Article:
Post submitted by Karen Goldstein, MD, MSPH
This year’s Society for General Internal Medicine (SGIM) conference provided a great opportunity for Duke trainees and faculty to share their work and steep in the activities of the larger general internal medicine community. Conference offerings focused on the major theme of “Generalists engaged in Population Health: Improving Outcomes and Equity through Research, Education and Patient Care”. Duke GIM was well-represented by medical students, residents and fellow trainees, and faculty. In total, Duke attendees presented three oral abstracts (including an excellent plenary presentation by Jerry Lee, MSII!) and 16 posters, moderated one oral abstract session, and led three symposia/workshops. Additionally, Duke faculty participated in multiple SGIM task forces and many other collaborative activities. Dr. Ebony Boulware was also honored by SGIM with the Mid-Career Research Mentorship Award.
At the SGIM conference, I saw three major themes underlying the general topic of population health:
“We go into primary care… because it is the absolute best thing you can do with your life”
– Dr. Karen DeSalvo, U.S. Department of Health and Human Services
Healthcare Payment Reform
First, there was significant focus on healthcare payment reform, alternative care delivery models, and the challenges and opportunities therein. Dr. Tim Ferris (Senior Vice President for population health at Massachusetts General Hospital) presented the 2016 Malcom L. Peterson Honor lecture on the topic of Progress in Improving Healthcare Delivery. After reviewing the current challenges facing the US healthcare system regarding access, quality, cost and workforce, he proposed that we stop the practice of “one size fits all” care delivery in favor of a more nuanced approach to patient-centered care through adding new layers in the ecology of healthcare. Specifically, he was ready to make the shift from studying the efficacy of various interventions for population health and moving to implementation. The conference was also attended by Dr. Karen DeSalvo (acting Assistant Secretary for Health in the US Department of Health and Human Services) who was honored as the Distinguished Professor of Women and Medicine. Dr. DeSalvo highlighted the importance of sharing innovative practices and actively partnering with local public health officials to shape the future direction of population health. She encouraged the GIM community to consider the underlying determinants of health that make a patient’s zip code a stronger predictor of health and mortality than their genetic code.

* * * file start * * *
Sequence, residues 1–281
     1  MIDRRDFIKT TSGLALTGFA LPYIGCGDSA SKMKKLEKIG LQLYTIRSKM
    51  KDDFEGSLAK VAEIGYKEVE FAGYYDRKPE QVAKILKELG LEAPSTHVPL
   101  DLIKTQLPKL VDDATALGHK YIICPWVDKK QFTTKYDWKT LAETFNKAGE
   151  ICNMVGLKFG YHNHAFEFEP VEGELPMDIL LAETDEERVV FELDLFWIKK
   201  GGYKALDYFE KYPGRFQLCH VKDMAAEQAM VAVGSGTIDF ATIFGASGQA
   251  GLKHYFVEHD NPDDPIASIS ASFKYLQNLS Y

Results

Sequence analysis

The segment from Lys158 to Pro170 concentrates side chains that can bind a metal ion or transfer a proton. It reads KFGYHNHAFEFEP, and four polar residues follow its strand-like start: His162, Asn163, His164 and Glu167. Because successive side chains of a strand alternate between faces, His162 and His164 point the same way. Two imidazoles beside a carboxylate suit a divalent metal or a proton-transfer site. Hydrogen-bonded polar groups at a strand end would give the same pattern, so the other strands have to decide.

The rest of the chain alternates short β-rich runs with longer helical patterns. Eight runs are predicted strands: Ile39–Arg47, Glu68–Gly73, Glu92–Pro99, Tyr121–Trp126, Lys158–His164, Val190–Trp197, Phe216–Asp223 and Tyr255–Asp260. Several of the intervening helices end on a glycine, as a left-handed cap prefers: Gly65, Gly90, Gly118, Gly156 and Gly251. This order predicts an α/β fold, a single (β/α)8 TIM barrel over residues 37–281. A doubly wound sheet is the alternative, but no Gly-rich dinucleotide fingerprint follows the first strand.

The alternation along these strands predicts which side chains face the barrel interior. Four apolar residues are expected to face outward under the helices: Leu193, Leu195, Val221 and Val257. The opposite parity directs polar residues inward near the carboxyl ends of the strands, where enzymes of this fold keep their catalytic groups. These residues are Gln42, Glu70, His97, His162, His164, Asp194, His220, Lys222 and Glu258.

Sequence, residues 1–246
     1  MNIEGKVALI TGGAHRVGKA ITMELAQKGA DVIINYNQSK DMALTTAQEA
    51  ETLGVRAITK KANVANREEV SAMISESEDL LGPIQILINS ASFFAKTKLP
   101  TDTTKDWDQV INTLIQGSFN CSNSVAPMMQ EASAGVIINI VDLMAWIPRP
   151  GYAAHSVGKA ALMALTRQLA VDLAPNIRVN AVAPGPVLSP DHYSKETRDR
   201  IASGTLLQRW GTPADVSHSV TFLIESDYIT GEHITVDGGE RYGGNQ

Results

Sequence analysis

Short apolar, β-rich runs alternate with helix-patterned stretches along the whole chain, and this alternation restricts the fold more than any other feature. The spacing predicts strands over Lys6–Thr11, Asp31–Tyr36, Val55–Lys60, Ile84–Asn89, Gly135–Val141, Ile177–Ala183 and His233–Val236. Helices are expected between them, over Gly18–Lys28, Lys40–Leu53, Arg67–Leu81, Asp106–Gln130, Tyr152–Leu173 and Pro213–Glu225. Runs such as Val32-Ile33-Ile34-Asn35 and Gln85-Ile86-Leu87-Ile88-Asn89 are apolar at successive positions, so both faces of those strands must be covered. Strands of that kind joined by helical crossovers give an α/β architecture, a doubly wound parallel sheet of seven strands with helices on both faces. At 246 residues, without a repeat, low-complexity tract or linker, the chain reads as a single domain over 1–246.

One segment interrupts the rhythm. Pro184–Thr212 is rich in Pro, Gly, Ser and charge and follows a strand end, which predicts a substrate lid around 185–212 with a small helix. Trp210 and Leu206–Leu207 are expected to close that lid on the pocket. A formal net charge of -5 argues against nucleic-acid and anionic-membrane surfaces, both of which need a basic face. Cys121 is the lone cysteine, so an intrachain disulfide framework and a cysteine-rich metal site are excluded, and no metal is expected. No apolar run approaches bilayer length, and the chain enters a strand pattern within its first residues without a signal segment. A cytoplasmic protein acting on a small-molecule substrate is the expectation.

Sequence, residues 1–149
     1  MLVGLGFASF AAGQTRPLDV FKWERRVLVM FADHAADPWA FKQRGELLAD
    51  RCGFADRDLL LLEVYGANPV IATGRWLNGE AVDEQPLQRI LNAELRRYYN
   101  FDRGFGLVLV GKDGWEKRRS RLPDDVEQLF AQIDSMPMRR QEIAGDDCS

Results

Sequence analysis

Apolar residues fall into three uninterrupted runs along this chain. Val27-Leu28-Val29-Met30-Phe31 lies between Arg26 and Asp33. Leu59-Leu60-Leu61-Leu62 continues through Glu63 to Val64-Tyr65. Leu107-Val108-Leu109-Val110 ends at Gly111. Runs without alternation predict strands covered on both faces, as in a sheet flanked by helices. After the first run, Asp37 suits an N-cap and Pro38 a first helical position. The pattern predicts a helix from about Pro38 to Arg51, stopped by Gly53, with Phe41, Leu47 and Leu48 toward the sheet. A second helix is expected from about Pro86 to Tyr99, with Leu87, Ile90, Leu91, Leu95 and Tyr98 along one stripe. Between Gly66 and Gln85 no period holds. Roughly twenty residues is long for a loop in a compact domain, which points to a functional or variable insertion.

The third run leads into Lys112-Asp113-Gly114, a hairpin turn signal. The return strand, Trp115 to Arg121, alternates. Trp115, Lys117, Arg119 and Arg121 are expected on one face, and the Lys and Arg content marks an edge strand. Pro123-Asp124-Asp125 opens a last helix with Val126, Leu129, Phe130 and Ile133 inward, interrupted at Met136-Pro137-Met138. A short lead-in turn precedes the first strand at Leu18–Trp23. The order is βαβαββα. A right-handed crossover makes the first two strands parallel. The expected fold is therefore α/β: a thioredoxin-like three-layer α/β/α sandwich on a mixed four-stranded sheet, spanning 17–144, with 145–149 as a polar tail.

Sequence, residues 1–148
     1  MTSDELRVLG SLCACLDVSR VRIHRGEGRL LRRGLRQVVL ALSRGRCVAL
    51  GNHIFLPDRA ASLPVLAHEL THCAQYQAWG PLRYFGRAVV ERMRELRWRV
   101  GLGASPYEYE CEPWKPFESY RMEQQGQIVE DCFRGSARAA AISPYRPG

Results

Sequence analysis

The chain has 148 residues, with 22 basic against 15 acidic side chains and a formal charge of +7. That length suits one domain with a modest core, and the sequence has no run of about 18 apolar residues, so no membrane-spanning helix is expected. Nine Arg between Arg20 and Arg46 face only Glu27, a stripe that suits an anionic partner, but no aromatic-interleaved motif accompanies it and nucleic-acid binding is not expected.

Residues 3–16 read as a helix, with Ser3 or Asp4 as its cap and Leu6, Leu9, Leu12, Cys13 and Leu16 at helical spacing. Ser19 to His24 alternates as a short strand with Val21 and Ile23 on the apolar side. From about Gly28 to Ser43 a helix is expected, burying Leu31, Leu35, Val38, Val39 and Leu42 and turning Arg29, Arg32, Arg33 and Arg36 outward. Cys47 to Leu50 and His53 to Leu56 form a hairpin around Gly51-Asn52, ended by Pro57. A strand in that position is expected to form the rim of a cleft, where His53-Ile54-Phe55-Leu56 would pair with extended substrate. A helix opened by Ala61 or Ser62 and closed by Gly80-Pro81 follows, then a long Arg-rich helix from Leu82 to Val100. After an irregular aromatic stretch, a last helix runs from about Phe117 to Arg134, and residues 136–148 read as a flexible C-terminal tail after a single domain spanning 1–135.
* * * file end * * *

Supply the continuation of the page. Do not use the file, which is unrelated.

Second, there were multiple discussions centered on the challenges of caring for patients who have high utilization of healthcare services, and those who are adversely impacted by health disparities. As examples of innovative models of care, two workshops highlighted VA-based initiatives on population-based intensive management programs and healthcare for homeless veterans. Oral abstracts highlighted the use of community health workers and peer support to address disparities in diabetes and hypertension self-management among high-risk populations. In a plenary oral presentation, our own Duke medical students described their experiential educational initiative that connects first year medical students with multi-morbid patients thereby simultaneously building student knowledge about community-based care coordination and fostering a sense of the importance of patient-centered care.
Proud to be GIM
Finally, the conference sought opportunities to recognize and promote the value of general internal medicine through numerous mentorship opportunities, a new SGIM campaign (“Proud to be GIM”), and ubiquitous tweets (#SGIM16 and #ProudtobeGIM). This effort was bolstered by record attendance at this year’s conference of 2,160 participants. Dr. DeSalvo summarized this sentiment by noting, “we go into primary care… because it is the absolute best thing you can do with your life”.
For more about Dr. Goldstein, read her faculty spotlight here.